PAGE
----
his life! It was, as he put it later, "a suicide run." Israel pursued and took a shot at him but missed.
Victoriano made good his escape. Arriving at about two o'clock in his mother's house, he reported
what had happened and warned the family that the Carminas were after them. Under cover of
darkness even as deathly fear stalked them, they took refuge in a neighbor's house. Later in the
morning, they reported the killing to the authorities.

Victoriano's narration of the killing and slaughter was corroborated by Katiad, the other eyewitness.
He added the distasteful detail that after shooting Billy to death, Israel broke into happy song: "Siga-
siga sa baryohan, hindi natatakot sa barilan!" He said that the Carminas took him with them after
Victoriano's escape but finally released him after about fifteen minutes. Later, he and several
policemen gathered the parts of the dismembered corpse that were scattered in his yard and put
them in a sack.

Whether or not the crime of murder is with aggravating circumstances.
( Treachery, YES ; evident premeditation, NO ; abuse of superior strength, NO ; ignominy, NO )
The crime was qualified with treachery because, although the victim was forewarned of his
impending death, he was shot in the back while he was entirely defenseless and the killers were
under no risk whatsoever from any retaliation the victim might make.
Even if treachery were not present in this case, the crime would still be murder because of the
dismemberment of the dead body. One of the qualifying circumstances of murder under Article 248,
par. 6, of the Revised Penal Code is "outraging or scoffing at (the) person or corpse" of the victim.
There is no question that the corpse of Billy Agotano was outraged when it was dismembered with
the cutting off of the head and limbs and the opening up of the body to remove the intestines, lungs
and liver. The killer scoffed at the dead when the intestines were removed and hung around
Victoriano's neck "as a necklace" and the lungs and liver were facetiously described as "pulutan."
Although the information did not categorically allege this qualifying circumstances in the exact words
of the law, it was nevertheless deducible from the statement that the "accused slaughtered the dead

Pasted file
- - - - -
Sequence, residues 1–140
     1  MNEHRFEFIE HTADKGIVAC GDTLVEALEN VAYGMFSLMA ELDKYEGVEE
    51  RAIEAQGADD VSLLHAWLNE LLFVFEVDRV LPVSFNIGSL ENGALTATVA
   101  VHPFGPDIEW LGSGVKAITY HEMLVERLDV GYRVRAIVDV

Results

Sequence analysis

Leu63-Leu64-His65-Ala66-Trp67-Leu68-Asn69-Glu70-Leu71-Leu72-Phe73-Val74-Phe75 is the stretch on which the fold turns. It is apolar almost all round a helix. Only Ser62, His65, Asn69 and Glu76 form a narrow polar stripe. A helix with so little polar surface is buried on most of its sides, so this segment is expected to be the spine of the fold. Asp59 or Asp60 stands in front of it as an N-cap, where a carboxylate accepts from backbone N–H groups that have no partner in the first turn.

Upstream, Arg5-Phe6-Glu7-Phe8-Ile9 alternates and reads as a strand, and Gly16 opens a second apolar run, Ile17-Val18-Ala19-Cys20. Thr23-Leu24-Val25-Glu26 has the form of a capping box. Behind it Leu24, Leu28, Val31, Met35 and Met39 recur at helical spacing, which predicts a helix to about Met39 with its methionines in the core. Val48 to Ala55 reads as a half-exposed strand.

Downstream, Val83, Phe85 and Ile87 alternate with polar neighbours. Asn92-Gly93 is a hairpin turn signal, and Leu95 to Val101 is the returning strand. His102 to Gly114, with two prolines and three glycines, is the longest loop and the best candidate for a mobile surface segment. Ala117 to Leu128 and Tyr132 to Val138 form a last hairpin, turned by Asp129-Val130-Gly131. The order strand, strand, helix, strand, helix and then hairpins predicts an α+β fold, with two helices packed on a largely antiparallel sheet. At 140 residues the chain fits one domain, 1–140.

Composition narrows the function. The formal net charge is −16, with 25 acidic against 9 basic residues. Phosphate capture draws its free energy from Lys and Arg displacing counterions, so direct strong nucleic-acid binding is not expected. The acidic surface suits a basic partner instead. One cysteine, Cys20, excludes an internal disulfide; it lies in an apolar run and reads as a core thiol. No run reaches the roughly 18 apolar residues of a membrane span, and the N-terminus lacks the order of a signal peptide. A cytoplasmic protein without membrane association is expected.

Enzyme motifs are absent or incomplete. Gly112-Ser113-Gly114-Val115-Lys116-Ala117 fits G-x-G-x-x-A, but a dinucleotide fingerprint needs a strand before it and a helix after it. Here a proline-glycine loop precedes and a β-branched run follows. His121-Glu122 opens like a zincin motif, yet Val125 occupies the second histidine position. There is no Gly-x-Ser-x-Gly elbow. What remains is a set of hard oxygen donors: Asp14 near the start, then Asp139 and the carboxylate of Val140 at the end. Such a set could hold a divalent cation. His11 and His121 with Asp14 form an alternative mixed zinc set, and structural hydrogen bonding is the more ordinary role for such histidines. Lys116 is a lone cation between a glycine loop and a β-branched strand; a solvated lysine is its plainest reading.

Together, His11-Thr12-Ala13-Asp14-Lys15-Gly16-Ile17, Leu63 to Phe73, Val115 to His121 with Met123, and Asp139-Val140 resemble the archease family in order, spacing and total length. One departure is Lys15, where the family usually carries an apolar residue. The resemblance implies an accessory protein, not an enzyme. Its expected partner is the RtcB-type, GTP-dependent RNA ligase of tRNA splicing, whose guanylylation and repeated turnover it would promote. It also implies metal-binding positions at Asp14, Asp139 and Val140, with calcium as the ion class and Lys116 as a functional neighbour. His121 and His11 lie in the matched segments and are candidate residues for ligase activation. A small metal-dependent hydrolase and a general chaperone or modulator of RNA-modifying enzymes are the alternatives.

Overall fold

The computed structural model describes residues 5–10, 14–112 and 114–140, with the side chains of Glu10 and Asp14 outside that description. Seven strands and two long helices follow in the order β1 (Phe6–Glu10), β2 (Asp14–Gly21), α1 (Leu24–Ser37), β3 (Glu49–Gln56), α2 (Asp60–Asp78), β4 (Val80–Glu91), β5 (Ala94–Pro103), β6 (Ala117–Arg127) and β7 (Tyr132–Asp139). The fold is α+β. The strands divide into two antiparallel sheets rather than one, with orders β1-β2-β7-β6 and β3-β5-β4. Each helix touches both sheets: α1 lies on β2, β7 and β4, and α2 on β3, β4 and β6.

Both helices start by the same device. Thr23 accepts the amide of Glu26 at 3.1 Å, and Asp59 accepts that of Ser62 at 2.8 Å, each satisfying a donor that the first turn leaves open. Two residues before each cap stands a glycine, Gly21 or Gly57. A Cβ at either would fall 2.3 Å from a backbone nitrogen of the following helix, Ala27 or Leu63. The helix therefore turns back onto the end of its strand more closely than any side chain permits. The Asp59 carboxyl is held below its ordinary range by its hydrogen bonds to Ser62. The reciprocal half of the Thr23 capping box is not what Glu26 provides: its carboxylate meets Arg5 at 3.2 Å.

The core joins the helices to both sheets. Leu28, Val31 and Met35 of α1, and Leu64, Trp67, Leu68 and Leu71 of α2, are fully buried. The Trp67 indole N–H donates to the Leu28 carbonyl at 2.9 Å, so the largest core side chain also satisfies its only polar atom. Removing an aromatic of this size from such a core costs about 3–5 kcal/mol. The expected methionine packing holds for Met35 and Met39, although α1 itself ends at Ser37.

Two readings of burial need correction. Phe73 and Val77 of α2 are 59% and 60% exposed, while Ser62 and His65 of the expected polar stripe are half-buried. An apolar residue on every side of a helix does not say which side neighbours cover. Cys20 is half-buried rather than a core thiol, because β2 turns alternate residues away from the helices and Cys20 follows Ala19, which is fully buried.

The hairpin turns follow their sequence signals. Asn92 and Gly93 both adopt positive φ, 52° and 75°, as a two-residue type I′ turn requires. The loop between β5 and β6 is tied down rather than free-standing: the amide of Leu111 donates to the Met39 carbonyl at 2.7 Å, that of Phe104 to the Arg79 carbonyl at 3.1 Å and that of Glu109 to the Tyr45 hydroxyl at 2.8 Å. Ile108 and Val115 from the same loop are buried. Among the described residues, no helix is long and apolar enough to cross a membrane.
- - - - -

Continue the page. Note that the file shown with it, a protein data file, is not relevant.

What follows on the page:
body of said Jose Billy Agotano."
We agree with the trial court that evident premeditation should be disregarded because sufficient
time had not elapsed between the determination to commit the crime and its execution, to enable the
accused to reflect upon the consequences of their act. It is not certain that when early in that
afternoon, Valero told the captives in Megriño's house that they would die, the Carminas had already
definitely resolved to commit the murder. In fact, although the threat was made to all of the captives,
only Billy was killed in the end. Moreover, there was no showing that they had coolly and
dispassionately planned the execution of the offense. The events leading to the murder suggest that
the Carminas were from the start busy with oppressing the Agotanos or drinking tuba, leaving no
time for that detached and undisturbed premeditation of the murder. It was only when they were in
Katiad's house that the decision to kill Billy was made, the justification being that "we have already
maltreated him, this time we will just finish him because he might retaliate."
Abuse of superior strength was also correctly not considered, being absorbed in alevosia.
But it was incorrect to appreciate adding ignominy to the offense because the victim was already
dead when his body was dismembered. This aggravating circumstance requires that the offense be
committed in a manner that tends to make its effects more humiliating to the victim, that is, add to his
moral suffering.4